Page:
Children’s Lawyer

(2) Where the court determines that legal representation is desirable, the court may, with the consent of the Children’s Lawyer, authorize the Children’s Lawyer to represent the child. 2006, c. 5, s. 39.

Child Abuse

Child and Family Services Act, RSO 1990, c C.11

PART III: CHILD PROTECTION

Offences, Restraining Orders, Recovery on Child’s Behalf

Abuse, failure to provide for reasonable care, etc.

Definition

79. (1) In this section, “abuse” means a state or condition of being physically harmed, sexually molested or sexually exploited.

Recovery because of abuse

81. (1) In this section … “to suffer abuse”, when used in reference to a child, means to be in need of protection within the meaning of clause 37 (2) (a), (c), (e), (f), (f.1) or (h). R.S.O. 1990, c. C.11, s. 81 (1); 1999, c. 2, s. 29.

Recovery on child’s behalf

(2) When the Children’s Lawyer is of the opinion that a child has a cause of action or other claim because the child has suffered abuse, the Children’s Lawyer may, if he or she considers it to be in the child’s best interests, institute and conduct proceedings on the child’s behalf for the recovery of damages or other compensation.

Idem: society

(3) Where a child is in a society’s care and custody, subsection (2) also applies to the society with necessary modifications. R.S.O. 1990, c. C.11, s. 81 (3).

Child Protection

Family Law Rules, O Reg 114/99

RULE 4: REPRESENTATION

LAWYER FOR CHILD

4(7) In a case that involves a child who is not a party, the court may authorize a lawyer to represent the child, and then the child has the rights of a party, unless the court orders otherwise.

CHILD’S RIGHTS SUBJECT TO STATUTE

(8) Subrule (7) is subject to section 38 (legal representation of child, protection hearing) and subsection 114 (6) (legal representation of child, secure treatment hearing) of the Child and Family Services Act.

Child and Family Services Act, RSO 1990, c C.11

PART I: FLEXIBLE SERVICES

CHILDREN’S AID SOCIEITIES

Children’s Lawyer

20.2(3) If a society or a person, including a child, who is receiving child welfare services proposes that a prescribed method of alternative dispute resolution be undertaken to assist in resolving an issue relating to a child or a plan for the child’s care, the Children’s Lawyer may provide legal representation to the child if in the opinion of the Children’s Lawyer such legal representation is appropriate. 2006, c. 5, s. 5.

PART III: CHILD PROTECTION

Legal Representation

Legal representation of child

38. (1)A child may have legal representation at any stage in a proceeding under this Part.

Court to consider issue

(2)Where a child does not have legal representation in a proceeding under this Part, the court,

(a) shall, as soon as practicable after the commencement of the proceeding; and

(b) may, at any later stage in the proceeding, determine whether legal representation is desirable to protect the child’s interests.

Direction for legal representation

(3)Where the court determines that legal representation is desirable to protect a child’s interests, the court shall direct that legal representation be provided for the child.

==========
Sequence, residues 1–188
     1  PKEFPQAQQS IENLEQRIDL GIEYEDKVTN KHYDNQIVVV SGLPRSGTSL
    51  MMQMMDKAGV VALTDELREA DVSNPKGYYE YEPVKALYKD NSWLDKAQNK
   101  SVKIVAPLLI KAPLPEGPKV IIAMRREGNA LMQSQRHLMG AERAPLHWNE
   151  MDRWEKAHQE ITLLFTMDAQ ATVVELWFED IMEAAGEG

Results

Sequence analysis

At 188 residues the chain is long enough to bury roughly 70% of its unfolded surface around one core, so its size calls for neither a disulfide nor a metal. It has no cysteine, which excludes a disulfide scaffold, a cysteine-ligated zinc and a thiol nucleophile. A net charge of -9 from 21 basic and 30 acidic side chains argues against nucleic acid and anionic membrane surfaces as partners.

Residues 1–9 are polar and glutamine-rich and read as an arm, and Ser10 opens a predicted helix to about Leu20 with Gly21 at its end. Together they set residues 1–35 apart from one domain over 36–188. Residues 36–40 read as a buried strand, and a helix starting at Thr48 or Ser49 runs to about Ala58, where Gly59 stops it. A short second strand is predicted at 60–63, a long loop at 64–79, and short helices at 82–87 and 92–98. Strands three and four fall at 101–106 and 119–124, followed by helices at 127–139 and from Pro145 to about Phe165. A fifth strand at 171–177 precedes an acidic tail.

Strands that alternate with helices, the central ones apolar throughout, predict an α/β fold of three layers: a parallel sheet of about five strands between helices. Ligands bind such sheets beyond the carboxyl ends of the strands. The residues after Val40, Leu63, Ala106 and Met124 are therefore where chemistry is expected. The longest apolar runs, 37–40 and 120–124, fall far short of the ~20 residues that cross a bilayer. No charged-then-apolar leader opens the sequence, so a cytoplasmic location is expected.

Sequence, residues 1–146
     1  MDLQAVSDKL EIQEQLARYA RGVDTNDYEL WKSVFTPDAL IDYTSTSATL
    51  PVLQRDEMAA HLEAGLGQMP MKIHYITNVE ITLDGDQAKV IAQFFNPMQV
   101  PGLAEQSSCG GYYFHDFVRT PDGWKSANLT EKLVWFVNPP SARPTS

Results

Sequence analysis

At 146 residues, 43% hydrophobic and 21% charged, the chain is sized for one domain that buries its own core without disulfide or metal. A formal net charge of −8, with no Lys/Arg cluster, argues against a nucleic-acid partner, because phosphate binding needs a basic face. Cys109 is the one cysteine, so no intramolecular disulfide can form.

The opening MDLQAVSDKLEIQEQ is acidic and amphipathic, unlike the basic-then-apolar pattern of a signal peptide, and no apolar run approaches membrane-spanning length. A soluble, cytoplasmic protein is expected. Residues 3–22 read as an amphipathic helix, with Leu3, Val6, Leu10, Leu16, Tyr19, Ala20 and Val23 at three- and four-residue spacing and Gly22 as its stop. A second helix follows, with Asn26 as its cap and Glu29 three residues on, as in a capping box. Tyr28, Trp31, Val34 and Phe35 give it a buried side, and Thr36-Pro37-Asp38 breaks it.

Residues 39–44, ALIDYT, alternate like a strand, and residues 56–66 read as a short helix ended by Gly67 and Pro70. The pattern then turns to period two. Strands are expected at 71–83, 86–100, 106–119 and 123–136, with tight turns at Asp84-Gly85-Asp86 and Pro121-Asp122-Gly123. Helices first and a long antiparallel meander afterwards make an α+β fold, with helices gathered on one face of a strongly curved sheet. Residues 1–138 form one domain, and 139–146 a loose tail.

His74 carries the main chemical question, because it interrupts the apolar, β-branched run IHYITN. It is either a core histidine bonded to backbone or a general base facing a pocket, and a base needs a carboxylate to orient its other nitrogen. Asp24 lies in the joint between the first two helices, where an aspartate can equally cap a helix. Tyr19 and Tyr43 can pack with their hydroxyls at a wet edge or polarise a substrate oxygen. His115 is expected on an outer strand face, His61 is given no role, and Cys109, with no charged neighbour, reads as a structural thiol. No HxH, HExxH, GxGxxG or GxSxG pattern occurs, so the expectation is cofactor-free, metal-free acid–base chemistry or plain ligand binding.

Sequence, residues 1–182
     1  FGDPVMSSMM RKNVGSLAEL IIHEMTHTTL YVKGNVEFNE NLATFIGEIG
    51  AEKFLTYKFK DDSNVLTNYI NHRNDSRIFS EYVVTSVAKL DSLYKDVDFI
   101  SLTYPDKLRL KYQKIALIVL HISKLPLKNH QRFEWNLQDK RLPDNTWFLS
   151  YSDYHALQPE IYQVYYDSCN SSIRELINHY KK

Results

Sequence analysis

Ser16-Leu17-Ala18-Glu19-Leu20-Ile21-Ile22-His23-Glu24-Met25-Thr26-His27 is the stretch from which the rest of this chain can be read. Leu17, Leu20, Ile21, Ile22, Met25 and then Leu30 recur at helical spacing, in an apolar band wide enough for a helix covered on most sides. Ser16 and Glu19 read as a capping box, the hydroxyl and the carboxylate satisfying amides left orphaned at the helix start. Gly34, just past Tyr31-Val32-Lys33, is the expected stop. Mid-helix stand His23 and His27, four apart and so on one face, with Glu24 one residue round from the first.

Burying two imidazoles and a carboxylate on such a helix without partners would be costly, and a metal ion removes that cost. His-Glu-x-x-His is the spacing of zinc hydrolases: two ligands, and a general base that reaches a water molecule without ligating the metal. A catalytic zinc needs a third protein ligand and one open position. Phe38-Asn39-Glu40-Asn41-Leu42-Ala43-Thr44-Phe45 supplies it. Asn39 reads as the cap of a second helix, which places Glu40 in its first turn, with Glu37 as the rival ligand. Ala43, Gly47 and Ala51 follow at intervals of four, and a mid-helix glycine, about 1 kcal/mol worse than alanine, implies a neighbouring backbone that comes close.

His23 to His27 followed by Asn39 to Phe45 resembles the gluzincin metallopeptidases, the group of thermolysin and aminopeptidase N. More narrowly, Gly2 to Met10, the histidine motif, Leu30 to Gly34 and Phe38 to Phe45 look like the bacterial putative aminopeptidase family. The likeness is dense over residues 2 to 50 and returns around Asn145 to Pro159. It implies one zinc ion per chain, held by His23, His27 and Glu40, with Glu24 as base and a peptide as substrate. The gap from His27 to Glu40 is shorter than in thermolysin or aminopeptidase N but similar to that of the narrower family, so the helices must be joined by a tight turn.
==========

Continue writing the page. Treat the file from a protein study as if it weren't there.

Criteria

(4)Where,

(a) the court is of the opinion that there is a difference of views between the child and a parent or a society, and the society proposes that the child be removed from a person’s care or be made a society or Crown ward under paragraph 2 or 3 of subsection 57 (1);

(b) the child is in the society’s care and,

(i) no parent appears before the court, or

(ii) it is alleged that the child is in need of protection within the meaning of clause 37 (2) (a), (c), (f), (f.1) or (h); or

(c) the child is not permitted to be present at the hearing, legal representation shall be deemed to be desirable to protect the child’s interests, unless the court is satisfied, taking into account the child’s views and wishes if they can be reasonably ascertained, that the child’s interests are otherwise adequately protected.

Where parent a minor

(5)Where a child’s parent is less than eighteen years of age, the Children’s Lawyer shall represent the parent in a proceeding under this Part unless the court orders otherwise.

Consent order: special requirements

55. Where a child is brought before the court on consent as described in clause 37 (2) (l), the court shall, before making an order under section 57 or

57.1 that would remove the child from the parent’s care and custody,

(a) ask whether,

(i) the society has offered the parent and child services that would enable the child to remain with the parent, and

(ii) the parent and, where the child is twelve years of age or older, the child has consulted independent legal counsel in connection with the consent; and

(b) be satisfied that,

(i) the parent and, where the child is twelve years of age or older, the child understands the nature and consequences of the consent,

(ii) every consent is voluntary, and

(iii) the parent and, where the child is twelve years of age or older, the child consents to the order being sought.

Mental Health and Secure Treatment

Family Law Rules, O Reg 114/99

RULE 4: REPRESENTATION

LAWYER FOR CHILD

(7) In a case that involves a child who is not a party, the court may authorize a lawyer to represent the child, and then the child has the rights of a party, unless the court orders otherwise. O. Reg. 114/99, r. 4 (7).